Quite often we drove off the camp during the day and went to see local attractions. We would come back, take off our clothes, and spend the night.

    I’m not sure what the economy of nudist resorts is today, but my guess is that the overnight camping has moved to higher prices and more up scale indoor accommodations. That’s good for older nudists who have more money to spend, and probably good for camp owners, but young struggling families would find it a challenge.

    None of my kids became nudists when they grew up either. Don’t know why.

    Liked by 2 people

  5. Chuck Goodwin says:

    I think your bad experience with your family at Cypress Cove years ago does not at ALL represent the true nature of of the place. You need to visit there again. We have been wintering there for 12 years and never seen anyone be unkind to visitors regardless of their age. We love kids there. Please don’t judge us by one bad apple!

    Like

    • Hmmm… don’t think I actually named the place, quite intentionally. Though we’ve actually been there several times. You’re right, one grouch local does not a place make, but our timing (usually without kids) has never been right for a kid friendly week end. It’s a nice place. But on the family front, I just keep hoping for a bit more.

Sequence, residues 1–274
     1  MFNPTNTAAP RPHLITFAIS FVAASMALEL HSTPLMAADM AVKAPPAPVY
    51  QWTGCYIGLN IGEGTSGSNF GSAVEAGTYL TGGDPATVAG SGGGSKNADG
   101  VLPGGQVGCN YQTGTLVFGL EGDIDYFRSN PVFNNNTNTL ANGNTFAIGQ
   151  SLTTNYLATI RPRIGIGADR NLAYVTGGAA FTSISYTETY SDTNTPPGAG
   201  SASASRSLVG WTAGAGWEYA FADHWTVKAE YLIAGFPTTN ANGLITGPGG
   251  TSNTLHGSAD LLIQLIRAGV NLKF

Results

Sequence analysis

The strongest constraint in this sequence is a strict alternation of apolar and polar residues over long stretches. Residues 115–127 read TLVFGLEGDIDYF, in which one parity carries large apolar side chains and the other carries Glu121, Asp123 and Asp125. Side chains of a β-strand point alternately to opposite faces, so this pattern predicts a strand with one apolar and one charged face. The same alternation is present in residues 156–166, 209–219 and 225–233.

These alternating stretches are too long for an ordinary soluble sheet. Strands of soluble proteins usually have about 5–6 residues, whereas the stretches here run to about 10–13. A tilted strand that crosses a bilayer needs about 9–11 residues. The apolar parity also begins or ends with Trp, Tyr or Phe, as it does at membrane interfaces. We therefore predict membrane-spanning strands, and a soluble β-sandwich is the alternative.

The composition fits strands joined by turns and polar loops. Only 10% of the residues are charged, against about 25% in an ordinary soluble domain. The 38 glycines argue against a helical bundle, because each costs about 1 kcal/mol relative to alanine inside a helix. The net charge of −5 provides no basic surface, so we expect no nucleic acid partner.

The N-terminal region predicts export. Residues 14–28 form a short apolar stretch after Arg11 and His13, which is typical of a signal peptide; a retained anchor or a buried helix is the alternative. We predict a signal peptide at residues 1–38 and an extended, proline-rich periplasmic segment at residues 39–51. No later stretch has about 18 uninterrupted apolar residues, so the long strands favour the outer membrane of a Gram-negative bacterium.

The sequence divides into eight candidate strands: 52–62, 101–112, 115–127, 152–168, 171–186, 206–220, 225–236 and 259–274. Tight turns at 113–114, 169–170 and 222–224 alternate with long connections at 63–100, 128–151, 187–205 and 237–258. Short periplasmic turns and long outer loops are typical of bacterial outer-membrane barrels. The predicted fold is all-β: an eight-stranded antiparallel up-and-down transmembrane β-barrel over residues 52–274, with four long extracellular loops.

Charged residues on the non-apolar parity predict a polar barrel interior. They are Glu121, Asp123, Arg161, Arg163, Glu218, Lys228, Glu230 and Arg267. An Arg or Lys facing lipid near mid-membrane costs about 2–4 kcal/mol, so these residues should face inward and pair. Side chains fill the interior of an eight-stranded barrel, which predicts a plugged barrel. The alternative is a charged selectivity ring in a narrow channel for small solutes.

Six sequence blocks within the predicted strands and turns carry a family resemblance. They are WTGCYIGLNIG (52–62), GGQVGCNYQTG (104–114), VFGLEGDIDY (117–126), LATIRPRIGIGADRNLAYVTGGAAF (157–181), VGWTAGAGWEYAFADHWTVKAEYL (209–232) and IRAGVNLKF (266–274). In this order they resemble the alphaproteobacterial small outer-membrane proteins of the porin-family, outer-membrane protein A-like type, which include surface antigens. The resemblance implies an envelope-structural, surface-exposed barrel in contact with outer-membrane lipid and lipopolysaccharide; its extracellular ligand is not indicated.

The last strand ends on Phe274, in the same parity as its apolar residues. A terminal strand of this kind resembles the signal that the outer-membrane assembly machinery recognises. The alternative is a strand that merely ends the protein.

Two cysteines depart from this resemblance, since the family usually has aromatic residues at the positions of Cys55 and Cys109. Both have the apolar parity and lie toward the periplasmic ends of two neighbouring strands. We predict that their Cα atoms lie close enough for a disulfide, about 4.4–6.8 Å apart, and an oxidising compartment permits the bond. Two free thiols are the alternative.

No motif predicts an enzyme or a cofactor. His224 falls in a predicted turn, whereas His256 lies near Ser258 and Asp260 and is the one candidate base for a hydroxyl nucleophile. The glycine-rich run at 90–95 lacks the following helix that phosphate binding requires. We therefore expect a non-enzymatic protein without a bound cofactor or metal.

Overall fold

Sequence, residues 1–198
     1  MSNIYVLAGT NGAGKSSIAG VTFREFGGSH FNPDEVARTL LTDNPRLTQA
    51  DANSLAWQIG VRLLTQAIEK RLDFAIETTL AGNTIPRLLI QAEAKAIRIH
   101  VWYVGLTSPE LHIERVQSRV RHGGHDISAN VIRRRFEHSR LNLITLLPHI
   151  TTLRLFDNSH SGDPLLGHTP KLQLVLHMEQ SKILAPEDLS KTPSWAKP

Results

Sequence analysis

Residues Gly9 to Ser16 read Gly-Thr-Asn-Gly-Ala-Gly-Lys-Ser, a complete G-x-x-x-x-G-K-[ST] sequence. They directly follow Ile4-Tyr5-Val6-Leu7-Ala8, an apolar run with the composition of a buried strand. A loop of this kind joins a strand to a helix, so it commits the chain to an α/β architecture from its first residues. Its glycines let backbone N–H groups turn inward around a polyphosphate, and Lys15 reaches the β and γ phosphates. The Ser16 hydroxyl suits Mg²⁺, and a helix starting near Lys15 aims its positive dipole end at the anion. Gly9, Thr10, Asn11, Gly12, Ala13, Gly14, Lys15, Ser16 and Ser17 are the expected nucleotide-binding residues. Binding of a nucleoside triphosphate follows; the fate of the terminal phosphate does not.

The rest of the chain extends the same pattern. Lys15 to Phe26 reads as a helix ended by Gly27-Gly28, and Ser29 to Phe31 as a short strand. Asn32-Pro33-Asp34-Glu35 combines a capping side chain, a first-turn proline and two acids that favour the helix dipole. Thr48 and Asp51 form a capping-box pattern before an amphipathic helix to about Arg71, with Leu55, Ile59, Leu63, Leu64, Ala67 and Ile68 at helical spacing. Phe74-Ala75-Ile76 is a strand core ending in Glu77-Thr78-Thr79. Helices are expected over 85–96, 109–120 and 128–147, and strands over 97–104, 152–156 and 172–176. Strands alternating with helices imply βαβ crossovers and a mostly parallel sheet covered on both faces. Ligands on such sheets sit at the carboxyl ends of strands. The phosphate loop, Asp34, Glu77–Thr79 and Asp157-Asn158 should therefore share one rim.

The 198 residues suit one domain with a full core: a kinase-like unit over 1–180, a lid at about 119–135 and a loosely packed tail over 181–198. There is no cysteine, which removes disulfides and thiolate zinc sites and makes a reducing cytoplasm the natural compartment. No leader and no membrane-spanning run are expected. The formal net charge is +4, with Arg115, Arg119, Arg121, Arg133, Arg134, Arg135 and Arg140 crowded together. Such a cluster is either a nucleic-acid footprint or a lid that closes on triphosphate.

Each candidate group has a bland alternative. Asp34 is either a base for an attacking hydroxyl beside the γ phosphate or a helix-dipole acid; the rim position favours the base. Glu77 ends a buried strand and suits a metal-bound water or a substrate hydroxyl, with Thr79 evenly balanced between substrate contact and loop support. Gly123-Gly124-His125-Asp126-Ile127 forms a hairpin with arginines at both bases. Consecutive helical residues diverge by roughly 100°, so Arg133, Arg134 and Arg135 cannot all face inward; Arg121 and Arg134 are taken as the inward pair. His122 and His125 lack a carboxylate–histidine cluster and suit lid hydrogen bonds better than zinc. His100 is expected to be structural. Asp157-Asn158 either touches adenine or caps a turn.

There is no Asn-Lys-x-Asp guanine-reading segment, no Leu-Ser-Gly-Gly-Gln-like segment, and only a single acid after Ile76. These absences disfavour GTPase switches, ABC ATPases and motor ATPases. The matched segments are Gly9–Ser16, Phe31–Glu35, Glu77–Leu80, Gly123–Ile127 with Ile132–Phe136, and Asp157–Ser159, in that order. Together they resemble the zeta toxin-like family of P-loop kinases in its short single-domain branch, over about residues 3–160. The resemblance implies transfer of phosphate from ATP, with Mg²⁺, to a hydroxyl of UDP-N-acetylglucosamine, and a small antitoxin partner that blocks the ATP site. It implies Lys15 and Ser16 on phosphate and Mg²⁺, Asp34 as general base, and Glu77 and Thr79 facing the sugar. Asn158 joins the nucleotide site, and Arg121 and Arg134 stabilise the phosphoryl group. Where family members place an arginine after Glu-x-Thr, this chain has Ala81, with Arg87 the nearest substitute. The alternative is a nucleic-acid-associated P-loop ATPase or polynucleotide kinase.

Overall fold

Like

  6. The time now is not good for people who just want to be clothes-free with families including children, nor for the traditional nudist resorts. Yet it’s possible that things can change! Young people are once again seeing the hypocrisy of many of their elders, and not-so-young folks like me are beginning to open up more about our liking for clothes-freedom. But we, me included, need to stand firm if the truth we have discovered is to continue.

    Liked by 1 person

  7. Billy Riddell says:

    So glad to see concerned naturists on this issue! 🙌🏻
    Your THOUGHTS (on this issue) is the whole premise of my Tumblr blog (take a look).

    1. The exact reason we lost Tumblr is because of “the children”. The reason we can’t have nude beaches in every state (easily accessible), the children argument” again. It goes ON AND ON..!